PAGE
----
like-minded enthusiasts can trade tips about favorite locations and
gear. By providing such services, REI establishes trust with consumers
and has become a consistent sales winner on the Web. And online
success, in turn, has boosted the company's offline revenue."
The REI "Learn & Share Community" can be visited at...
"Building an E-Commerce Community: Friendship Sells" is a fairly
generalized article that I offer simply because it expands upon the
McKinsey findings with a quote from a McKinsey analyst,
"They also remain twice as loyal and buy almost twice as often," Brown
said. "Even people who don't directly contribute, but do read those
message boards, are more likely to come back and to buy. If they feel
a connection, they're more likely to take the next step and become
The full article can be found at...
Again, InformationWeek provides a generalized article entitled,
"Return On Interaction" July 2, 2001, that quotes from the McKinsey
report, while providing additional claims that, "the communities build
loyalty, give valuable feedback, and contribute to increased sales.
But corporate management wants quantifiable statistics to demonstrate
that the community effort is paying its freight."
And finally, InternetContent.net January 23rd 2001 issue offers an
article entitled, "Where the payoffs and problems are in hosting
online communities", which I think you'll find interesting...
Many of the links I've noted above I found through the so-called "Web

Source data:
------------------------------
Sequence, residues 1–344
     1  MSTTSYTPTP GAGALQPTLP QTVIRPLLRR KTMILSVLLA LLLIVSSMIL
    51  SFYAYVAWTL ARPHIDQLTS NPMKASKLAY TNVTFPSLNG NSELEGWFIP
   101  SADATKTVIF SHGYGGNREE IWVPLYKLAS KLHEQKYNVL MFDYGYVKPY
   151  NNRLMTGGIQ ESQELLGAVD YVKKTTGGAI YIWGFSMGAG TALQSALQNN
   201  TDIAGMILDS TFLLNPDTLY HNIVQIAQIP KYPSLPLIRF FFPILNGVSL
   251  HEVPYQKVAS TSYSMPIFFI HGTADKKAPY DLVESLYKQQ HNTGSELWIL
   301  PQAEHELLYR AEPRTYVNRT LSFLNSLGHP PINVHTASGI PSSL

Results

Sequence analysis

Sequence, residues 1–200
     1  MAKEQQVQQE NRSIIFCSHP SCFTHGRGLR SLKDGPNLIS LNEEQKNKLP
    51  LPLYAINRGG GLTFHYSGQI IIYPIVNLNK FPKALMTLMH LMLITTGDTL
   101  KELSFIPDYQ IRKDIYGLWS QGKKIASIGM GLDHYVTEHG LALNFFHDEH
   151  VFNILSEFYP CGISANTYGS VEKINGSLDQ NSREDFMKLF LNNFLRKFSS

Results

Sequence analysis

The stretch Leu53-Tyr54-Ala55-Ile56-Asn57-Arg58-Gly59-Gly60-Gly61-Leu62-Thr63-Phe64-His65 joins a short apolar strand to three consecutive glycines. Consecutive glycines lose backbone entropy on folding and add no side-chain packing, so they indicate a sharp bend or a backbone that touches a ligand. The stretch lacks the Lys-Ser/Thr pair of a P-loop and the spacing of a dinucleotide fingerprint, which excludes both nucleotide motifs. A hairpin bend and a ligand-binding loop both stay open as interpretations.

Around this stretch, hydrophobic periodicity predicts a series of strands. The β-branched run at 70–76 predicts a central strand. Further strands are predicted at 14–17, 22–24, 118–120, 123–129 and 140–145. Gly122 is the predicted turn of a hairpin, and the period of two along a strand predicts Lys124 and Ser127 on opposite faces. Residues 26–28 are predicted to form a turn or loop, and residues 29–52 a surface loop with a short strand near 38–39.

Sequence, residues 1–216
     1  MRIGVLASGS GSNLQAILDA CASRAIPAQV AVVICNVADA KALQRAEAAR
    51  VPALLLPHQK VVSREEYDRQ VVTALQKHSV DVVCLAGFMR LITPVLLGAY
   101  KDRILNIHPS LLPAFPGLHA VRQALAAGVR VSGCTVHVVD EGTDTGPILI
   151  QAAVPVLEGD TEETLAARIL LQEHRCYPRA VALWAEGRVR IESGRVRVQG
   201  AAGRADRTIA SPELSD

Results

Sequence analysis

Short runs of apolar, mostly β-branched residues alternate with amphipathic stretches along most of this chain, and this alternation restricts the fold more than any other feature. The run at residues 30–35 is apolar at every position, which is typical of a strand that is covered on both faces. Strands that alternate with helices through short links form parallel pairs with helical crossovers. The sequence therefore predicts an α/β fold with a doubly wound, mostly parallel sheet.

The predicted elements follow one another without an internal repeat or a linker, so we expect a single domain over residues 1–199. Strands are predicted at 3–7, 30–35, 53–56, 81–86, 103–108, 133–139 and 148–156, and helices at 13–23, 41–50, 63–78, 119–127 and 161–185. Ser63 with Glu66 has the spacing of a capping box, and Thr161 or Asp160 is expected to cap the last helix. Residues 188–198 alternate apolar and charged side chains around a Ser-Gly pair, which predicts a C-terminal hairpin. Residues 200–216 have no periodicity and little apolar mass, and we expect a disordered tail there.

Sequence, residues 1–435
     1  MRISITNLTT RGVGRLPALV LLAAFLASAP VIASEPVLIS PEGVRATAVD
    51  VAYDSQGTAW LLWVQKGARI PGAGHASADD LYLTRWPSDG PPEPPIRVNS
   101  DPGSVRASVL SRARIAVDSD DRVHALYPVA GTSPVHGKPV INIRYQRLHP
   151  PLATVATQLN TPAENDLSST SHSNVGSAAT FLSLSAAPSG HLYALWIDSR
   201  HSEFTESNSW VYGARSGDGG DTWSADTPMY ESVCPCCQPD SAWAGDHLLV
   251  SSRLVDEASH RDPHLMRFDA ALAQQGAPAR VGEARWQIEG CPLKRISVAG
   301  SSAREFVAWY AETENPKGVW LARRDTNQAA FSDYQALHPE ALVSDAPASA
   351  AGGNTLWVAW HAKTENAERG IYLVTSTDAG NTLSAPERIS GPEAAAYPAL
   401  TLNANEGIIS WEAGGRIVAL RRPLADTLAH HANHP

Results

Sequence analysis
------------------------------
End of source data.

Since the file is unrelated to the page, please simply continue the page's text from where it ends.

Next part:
Marketing Info Center" at...
I've culled through what I felt were the links that best suited your
criteria, respree, but you might want to take a look at the listing
yourself, in case I've overlooked something.
As with the Forrester Report, a report from the Yankee Group entitled,
"The Real Value of Online Community" is available for $795.00. Again,
I include the link only for completeness. :)
The report's abstract states, "Online or virtual communities have
generated tremendous hype in the Internet marketplace due to the high
values associated with owning a large, interactive and targeted user
base. However, the financial market's ability to attribute a value to
'online community' is hindered by the term's vague definition. As a
result, companies marketing themselves as online communities and
investing in online community applications generate inflated market
valuations without the quantifiable data to verify that an online
community business model will drive revenues.
Companies currently offering or thinking of implementing online
community strategies must understand that a successful community is
contingent upon the integration of robust content and a large
interactive user base.
In this report, the Yankee Group defines the term online community and
assigns three valuation metrics that measure the success of online
community strategies. Yankee Group segments several Web business
models to identify how online communities enhance their core
businesses, and then underscores certain issues to consider when
integrating an online community component. The report's Exhibit 1
shows how the Yankee Group views the components and attributes of an
I hope this information better meets your needs, respree. Feel free to
ask for further clarification, or, if you now feel that I've answered
your question, to rate my answer.